Our Father is told in the first person by Eva Gruber, an unreliable narrator who has just been committed to a psychiatric hospital after claiming to have shot a classroom full of children. Succinct and evocative, the novel is full of rich symbolism depicting toxic patriarchy, female sexuality and the hypocrisy of conservative Catholicism.
The novel is divided into three sections entitled ‘The Father’, ‘The Son’ and ‘The Holy Spirit’. The narrative explores Eva’s family life through her memories and sessions with her psychiatrist, Dr Korb, and follows Eva from her hospital admission to her reconciliation with her brother and their final journey to find and kill their father. Eva describes her relationship with her father, along with childhood memories that include being slapped by a priest after refusing to stand up and recite the Lord’s Prayer. In one of her psychiatric sessions, she claims to have shot a classroom of children (the truth is never confirmed). Eva’s brother, Bernhard, is also a patient at the hospital, where he is being treated for anorexia.
‘The Son’ focuses on their mother’s relationship with Bernhard, and Eva’s exclusion from it. Bernhard is portrayed as an almost divine figure to whom their mother looks for salvation. Eva, her mother and Bernhard take part in family therapy, and Bernhard later collapses and almost dies. Desperate to ‘save’ Bernhard, Eva escapes the hospital vowing to kill their father. Getting no further than a nearby hunting lodge, she returns, promising she won’t leave again without Bernhard.
The third part of the novel follows Bernhard and Eva’s trip home to kill their father. It transpires that Bernhard was being fed by a drip which was keeping him alive, and as their journey continues, he becomes weaker and weaker. They reach their childhood home and shelter overnight in a barn, but come morning Eva realises that the house has long been abandoned; she suddenly remembers that their father killed himself many years ago.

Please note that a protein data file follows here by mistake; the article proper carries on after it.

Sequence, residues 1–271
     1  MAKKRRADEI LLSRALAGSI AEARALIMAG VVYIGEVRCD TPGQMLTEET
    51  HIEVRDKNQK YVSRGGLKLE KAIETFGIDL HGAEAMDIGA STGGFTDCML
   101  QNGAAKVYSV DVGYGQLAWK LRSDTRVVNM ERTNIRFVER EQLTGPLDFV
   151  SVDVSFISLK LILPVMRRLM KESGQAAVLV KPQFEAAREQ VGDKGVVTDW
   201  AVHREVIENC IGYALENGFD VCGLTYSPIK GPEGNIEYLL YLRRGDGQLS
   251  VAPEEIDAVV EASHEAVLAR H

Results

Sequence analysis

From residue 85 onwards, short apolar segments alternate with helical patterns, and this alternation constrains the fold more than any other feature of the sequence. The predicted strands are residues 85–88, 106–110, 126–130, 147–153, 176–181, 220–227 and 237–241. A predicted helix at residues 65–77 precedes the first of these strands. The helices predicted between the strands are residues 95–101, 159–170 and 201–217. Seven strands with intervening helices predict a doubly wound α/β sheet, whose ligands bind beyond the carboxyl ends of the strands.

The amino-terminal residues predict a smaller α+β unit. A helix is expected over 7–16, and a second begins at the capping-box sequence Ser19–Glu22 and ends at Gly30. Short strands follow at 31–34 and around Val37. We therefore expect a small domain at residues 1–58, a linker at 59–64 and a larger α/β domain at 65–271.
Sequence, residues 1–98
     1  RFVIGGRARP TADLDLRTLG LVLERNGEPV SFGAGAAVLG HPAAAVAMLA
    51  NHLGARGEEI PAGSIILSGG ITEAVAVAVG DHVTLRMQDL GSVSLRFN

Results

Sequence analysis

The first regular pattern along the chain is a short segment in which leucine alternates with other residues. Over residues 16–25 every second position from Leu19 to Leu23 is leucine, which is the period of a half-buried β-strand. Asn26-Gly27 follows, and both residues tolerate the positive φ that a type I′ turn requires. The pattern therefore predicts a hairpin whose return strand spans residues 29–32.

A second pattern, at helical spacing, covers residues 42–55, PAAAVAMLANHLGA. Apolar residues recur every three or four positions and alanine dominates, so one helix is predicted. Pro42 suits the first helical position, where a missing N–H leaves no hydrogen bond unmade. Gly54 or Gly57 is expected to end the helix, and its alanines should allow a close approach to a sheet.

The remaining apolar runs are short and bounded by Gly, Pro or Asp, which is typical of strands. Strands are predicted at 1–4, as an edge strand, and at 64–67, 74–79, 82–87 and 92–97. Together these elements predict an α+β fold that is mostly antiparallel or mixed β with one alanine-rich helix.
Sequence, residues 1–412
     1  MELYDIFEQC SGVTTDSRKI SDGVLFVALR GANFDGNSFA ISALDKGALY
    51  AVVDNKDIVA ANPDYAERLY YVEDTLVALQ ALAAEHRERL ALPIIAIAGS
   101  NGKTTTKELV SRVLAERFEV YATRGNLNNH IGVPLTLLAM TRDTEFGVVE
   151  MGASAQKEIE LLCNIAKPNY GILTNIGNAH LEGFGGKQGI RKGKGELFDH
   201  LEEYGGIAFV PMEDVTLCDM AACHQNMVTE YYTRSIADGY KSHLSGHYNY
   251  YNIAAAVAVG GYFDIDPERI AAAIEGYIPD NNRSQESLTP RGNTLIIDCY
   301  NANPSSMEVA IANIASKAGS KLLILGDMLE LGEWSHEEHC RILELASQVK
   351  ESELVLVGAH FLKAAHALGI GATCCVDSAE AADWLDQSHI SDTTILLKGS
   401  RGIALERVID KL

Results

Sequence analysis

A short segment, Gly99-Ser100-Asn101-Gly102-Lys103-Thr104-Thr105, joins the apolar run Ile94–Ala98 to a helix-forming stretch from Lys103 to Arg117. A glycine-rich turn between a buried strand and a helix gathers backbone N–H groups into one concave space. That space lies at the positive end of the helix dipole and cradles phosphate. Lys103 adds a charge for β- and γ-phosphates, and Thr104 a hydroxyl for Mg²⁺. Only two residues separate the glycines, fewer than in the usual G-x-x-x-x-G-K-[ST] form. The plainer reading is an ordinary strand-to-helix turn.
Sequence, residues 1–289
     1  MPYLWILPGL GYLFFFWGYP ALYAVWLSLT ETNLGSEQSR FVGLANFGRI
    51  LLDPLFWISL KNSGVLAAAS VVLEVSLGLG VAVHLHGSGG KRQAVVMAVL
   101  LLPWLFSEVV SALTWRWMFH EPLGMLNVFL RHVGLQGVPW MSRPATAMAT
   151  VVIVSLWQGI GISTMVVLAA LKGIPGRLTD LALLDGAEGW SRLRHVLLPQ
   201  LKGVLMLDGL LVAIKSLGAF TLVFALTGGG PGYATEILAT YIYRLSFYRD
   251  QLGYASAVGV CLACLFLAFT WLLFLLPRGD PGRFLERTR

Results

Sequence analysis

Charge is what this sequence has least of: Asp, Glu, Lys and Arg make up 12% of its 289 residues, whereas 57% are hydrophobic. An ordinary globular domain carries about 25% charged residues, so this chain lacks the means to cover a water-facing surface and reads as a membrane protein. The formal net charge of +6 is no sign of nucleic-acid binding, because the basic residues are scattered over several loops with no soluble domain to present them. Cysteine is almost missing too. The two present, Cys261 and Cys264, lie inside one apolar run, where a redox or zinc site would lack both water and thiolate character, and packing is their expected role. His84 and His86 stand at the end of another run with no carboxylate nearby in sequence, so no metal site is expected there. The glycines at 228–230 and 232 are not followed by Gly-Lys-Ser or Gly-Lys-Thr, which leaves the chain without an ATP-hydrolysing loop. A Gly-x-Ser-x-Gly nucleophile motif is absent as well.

The novel is strongly rooted in the tradition of postmodern Austrian women writers from the sixties and seventies, such as Ingeborg Bachmann, Elfriede Jelinek and Marlen Haushofer. The idea of the unreliable female narrator will be familiar to English-speaking readers from blockbuster novels such as Gone Girl and The Girl on the Train, although Our Father is a much more literary work. Despite being unlikeable for her manipulativeness and violent outbursts, Eva’s cynical humour is captivating and the reader eagerly follows her every unpredictable move.
‘What a debut! You find yourself wanting to kiss and strangle Eva at the same time. I can’t get her out of my head.’
– Joachim Meyerhoff
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